Birds! The sparrows who lived beneath my window AC vanished two years ago, with every one of their fellows. Even the crows, such characterful individuals, are fewer. The kites look shabbier. The noisy yelling babblers visit only occasionally, like distant relatives. A woodpecker periodically harasses the palm tree outside my window, but I haven’t seen him for a while. Only the pigeons manage, though even they no longer look sleek. What is happening?

The dogs in the lane behind used to howl companionably at 1.30 am. It was a chorus, stretching for several streets. After the dogs came the cats, yowling competitively at about 2.30 am along the back wall. Now both those schedules have been thrown off. Sometimes the dogs howl at 2.30 and the cats don’t sing at all. Is it because the little trash dump behind is cleared more often, and by trucks?

Like Delhi’s weather our animal environment is also changing in strange ways. Inside the house, where conditions stay roughly the same, wildlife flourishes. Outdoors, it’s all a mess. What will happen in five years? Will we have more and more creatures wanting to join us indoors, and fewer and fewer to lift our hearts outside? At least the “pest”-control companies can look forward to new customers. It’s all very worrying.

A promotion? Or, a demotion?

Sunday, November 21st, 2010 November 21st, 2010 Praveen Bose

Everyone felt a great sense of loss when the boss had retired. When we were at a loss to understand something… absolutely anything… and were too lazy to look up… well.. on Google, our reference material(!) we only had to turn to him.

No matter how busy he was he would not hesitate to put his head up and clear our doubts or give us a backgrounder on a subject on which we need some information.

Alas, we had to learn to use the Internet as our refence material once he retired. But, the Internet is not always trustworthy and the communication is one way! So, even now we ensure we turn to him to clear many a doubt.  

Lately, we had a brainwave. Why not get his opinion as a subject expert on a subject in which he is extremely strong (there are too many of them though)? That could be incorporated into an article we would be writing. Wow!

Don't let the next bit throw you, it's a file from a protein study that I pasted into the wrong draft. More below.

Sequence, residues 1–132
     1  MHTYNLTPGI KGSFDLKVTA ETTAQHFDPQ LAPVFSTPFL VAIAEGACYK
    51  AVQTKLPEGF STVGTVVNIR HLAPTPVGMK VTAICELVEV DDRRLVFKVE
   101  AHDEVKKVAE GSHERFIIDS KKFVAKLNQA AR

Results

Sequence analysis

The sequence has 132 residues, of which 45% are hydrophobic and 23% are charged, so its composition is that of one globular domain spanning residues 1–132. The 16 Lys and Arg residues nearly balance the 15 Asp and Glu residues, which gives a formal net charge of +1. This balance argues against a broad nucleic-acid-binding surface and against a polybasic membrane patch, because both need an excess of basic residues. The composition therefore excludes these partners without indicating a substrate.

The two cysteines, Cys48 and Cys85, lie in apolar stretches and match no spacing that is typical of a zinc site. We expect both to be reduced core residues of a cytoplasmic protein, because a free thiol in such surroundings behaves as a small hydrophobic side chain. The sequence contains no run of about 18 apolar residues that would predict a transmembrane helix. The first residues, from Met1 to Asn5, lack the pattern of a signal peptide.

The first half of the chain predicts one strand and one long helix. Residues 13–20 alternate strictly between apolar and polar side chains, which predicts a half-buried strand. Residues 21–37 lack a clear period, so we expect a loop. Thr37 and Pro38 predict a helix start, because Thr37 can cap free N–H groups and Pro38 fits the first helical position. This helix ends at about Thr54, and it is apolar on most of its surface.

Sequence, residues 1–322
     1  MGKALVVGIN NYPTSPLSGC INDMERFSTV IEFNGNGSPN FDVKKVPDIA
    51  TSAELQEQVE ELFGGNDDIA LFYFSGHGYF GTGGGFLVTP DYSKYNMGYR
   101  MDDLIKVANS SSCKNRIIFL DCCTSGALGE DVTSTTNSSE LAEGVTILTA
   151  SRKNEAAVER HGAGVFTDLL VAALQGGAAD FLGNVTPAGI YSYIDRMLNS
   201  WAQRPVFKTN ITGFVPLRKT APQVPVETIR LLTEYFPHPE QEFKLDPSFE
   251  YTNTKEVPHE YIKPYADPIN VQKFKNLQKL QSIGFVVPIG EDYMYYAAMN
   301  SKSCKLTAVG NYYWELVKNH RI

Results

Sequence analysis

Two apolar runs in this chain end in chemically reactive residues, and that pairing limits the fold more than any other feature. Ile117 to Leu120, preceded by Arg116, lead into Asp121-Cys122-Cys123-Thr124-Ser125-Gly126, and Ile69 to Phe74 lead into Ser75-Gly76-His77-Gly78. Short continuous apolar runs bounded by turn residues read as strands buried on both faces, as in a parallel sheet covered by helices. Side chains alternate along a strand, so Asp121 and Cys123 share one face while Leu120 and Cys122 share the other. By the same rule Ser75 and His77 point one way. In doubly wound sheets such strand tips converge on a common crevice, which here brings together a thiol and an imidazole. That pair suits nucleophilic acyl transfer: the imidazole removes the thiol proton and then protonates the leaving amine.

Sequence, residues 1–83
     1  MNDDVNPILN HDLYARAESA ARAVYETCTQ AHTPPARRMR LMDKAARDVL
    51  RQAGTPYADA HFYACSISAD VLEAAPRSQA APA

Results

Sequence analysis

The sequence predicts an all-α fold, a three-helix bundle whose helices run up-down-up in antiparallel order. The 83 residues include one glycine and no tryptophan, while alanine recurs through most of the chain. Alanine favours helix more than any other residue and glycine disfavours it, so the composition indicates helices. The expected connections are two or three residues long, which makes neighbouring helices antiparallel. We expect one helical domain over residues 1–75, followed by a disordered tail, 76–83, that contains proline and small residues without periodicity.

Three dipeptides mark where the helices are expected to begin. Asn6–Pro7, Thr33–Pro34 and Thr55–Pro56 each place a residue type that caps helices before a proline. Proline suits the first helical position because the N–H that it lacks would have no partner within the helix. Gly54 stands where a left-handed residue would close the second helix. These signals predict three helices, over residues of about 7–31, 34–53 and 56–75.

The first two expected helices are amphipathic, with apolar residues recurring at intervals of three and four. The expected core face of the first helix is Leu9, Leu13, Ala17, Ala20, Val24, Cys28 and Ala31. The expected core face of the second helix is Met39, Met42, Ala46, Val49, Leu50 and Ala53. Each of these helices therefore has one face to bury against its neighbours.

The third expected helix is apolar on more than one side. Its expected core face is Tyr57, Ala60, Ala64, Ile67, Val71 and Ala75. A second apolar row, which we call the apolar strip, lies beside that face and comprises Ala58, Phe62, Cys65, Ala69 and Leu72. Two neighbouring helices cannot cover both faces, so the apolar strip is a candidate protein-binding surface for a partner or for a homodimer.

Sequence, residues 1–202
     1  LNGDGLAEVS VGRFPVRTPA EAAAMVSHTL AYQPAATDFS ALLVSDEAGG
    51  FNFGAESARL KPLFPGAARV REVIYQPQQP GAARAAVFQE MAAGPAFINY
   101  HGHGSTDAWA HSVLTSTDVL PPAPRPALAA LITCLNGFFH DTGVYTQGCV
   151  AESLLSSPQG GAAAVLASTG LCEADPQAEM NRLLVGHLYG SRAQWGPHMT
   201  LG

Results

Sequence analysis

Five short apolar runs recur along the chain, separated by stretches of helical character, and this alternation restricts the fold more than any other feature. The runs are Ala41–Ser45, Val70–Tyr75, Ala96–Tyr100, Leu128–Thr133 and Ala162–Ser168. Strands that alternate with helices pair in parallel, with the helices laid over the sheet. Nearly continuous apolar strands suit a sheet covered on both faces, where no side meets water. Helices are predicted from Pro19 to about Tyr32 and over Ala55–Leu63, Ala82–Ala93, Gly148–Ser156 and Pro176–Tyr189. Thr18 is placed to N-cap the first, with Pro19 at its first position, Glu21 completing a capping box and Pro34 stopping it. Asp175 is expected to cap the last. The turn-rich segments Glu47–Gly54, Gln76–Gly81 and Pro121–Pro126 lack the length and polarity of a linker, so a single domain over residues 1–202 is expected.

Is that a way to show how much we miss him and how much we yearn to have discussions with him? Perhaps, it is so.

Reminds one of college days when some favourite teachers, who are well-informed and interesting and friendly, had students following them out of the class even after class.

After speaking to many an analyst over the past decade or so, one is left wondering if my ex-boss is being demoted by being called an analyst.

Magical Answers, Anyone!

Saturday, November 20th, 2010 November 20th, 2010 Lipi Mohapatra

Last week was one big roller coaster. Everywhere I looked–among friends, team members at office, or myself–we were all in some emotional cul-de-sac. A close friend of mine was heading for a break-up, another was afflicted with a serious health problem that had started affecting both her work and personal life. I was in a mess on the personal front and sulking.

What does one do when one is caught in an emotional trauma–reach for a friend, a guide, a book, a soulmate, God? How does one know what is the right thing to do?

We all fuss and talk about how people handle their personal lives which eventually affects their professional productivity. It amazes me how so much intellectual importance is given to “work–life” balance, yet at some point or the other we find ourselves in a catch-22 situation. No amount of burying your head in the sand or trying to deal with an emotional situation head-on helps.

Why compartmentalise life into “personal” and “professional”? Does one not affect and trespass the other at all time, and vice versa? Is there a clear demarcation that exists with respect to this, or are we just kidding ourselves when we do that? Is there someone out there who has really achieved that ‘balance’?

All this led me to think: what if there were a compulsory subject during our college studies called Life Management  (just like we have specialisations in finance, marketing, history or politics) to teach us a few key life lessons? After all, aren’t the leaders/managers of tomorrow supposed to be more emotionally ‘balanced’ and empathetic with a higher EQ score?

As I discussed this with some of the core members of my team, they all came up with the obvious question - Can life lessons be learnt? It is just that clichéd query – Are leaders born or made?

Work is a source of “unique opium”, said Francois Mauriac, Nobel Prize Winner, to overcome an emotional trauma. Yes, most of us agreed to this fact, though we all have our ways of tiding over a situation. There’s nothing called one-size-fits-all. When push comes to shove and we have to move ahead, you just have to move ahead. Period. That’s the cold reality. No amount of rhetoric will help.